American Foxhound

The American Foxhound is a scent hound related to the English Foxhound. They are fairly large dogs, weighing anywhere from 40 to 75 pounds, and ranging from 21-28 inches tall. The body of the Foxhound is narrow, and it has very long, straight legs. The Foxhound has a large skull, low and wide-set ears, a long muzzle, and wide-set hazel or brown eyes. The Foxhound bears a slight resemblance to the Beagle; however it is a larger, taller breed.

The lifespan of the breed is generally 10 to 13 years. There are only a few minor health risks in the breed such as platelet disease, dysplasia and some eye issues. The Foxhound does not generally carry genetic disorders.

The American Foxhound is a very loyal, loving pet. Like other hounds, they need thorough training, socialization and exercise to keep them from being bored and destructive. Although trainable, the Foxhound tends to follow a scent once picked up, neglecting commands from its owner. The Foxhound does not make a good watchdog; they are so friendly as a breed that if a stranger comes up they greet them affectionately. Foxhounds do not bark with the frequency and volume of some other scent hounds but they do have loud, deep voices that carry. Training a Foxhound can prove difficult, as it is a generally stubborn breed.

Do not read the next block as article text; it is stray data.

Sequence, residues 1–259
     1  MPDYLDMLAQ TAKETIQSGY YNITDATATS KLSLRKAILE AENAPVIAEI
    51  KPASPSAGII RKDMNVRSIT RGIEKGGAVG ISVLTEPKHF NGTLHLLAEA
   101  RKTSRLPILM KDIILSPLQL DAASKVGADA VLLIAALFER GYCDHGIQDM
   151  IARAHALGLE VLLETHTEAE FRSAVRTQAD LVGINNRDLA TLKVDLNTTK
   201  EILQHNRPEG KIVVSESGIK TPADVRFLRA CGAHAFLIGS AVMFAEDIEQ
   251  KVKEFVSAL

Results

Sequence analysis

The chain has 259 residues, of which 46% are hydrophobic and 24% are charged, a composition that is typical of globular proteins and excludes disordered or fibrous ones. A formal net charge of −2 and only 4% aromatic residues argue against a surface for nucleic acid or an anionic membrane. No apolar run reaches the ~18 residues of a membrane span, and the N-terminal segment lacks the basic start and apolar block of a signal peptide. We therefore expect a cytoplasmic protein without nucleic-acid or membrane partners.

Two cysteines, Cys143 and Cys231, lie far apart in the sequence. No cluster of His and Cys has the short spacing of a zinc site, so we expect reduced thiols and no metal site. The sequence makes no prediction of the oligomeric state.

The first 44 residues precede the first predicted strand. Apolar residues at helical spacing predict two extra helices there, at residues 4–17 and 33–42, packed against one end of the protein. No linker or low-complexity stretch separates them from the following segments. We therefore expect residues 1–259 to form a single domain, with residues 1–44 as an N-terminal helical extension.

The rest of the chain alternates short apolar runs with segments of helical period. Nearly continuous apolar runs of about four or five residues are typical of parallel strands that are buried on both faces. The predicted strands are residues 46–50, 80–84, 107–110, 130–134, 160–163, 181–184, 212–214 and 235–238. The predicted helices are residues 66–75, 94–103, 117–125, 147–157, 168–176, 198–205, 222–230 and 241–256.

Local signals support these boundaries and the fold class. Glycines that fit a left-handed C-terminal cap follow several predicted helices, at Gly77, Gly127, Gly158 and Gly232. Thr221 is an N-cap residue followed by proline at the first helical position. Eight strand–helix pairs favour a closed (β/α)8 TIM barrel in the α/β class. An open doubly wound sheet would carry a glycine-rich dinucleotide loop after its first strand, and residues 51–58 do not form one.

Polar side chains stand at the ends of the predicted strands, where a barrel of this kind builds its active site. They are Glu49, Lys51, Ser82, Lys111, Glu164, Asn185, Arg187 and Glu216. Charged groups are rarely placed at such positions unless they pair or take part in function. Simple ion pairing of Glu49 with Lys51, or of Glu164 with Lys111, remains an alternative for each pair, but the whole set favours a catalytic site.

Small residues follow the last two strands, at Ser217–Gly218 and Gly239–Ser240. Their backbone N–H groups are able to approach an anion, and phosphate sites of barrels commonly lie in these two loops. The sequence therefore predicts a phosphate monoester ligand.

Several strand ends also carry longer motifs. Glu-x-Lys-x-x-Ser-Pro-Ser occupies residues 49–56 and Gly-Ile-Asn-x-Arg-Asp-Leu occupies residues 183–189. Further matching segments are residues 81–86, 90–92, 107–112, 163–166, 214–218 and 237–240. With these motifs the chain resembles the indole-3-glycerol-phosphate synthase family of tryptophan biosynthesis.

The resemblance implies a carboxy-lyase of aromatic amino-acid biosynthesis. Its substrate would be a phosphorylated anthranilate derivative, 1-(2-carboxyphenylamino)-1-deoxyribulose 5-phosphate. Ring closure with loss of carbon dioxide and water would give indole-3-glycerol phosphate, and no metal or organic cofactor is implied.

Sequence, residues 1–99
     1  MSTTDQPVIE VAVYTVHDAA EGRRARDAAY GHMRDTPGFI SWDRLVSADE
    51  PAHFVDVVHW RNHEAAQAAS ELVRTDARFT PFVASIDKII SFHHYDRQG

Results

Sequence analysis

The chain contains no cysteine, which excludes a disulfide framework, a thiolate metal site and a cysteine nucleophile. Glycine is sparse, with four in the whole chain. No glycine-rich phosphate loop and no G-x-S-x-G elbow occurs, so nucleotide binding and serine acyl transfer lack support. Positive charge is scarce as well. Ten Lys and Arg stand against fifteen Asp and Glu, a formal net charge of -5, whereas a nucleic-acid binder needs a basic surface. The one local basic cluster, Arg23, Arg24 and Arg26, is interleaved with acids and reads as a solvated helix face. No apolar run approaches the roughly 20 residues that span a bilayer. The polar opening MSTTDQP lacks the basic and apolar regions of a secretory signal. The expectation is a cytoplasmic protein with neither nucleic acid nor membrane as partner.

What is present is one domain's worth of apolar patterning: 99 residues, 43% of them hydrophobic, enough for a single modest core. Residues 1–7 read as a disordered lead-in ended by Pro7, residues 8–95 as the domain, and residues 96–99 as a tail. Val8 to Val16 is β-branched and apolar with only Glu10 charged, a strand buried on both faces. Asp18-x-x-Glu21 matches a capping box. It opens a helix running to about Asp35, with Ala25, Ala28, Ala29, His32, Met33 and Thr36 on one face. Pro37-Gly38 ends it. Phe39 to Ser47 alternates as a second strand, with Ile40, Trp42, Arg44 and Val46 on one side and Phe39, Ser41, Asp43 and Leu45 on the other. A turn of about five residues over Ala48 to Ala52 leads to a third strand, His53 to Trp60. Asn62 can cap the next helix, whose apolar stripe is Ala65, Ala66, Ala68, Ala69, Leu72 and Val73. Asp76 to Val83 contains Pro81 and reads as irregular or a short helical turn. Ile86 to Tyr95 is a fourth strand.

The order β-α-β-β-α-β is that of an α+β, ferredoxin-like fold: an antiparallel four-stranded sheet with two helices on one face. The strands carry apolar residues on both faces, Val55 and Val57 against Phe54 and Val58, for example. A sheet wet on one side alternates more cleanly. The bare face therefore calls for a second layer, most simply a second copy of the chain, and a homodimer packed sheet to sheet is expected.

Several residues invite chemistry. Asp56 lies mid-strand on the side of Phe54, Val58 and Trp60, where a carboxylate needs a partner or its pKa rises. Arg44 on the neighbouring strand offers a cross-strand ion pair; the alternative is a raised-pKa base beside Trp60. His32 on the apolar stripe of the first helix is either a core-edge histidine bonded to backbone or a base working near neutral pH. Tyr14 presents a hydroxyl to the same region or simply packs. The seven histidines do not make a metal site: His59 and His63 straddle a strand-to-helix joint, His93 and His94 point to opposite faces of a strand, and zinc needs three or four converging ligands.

The breed was developed primarily for hunting foxes; the ancestors were brought to America in the 1600s. There are several different strains of American Foxhound today. Some of these include Walker, Goodman, Trigg, July and Penn-Marydel. Most of the pack hounds are Penn-Marydel, and most show hounds are Penn-Marydel. The American Foxhound is the state animal of Virginia.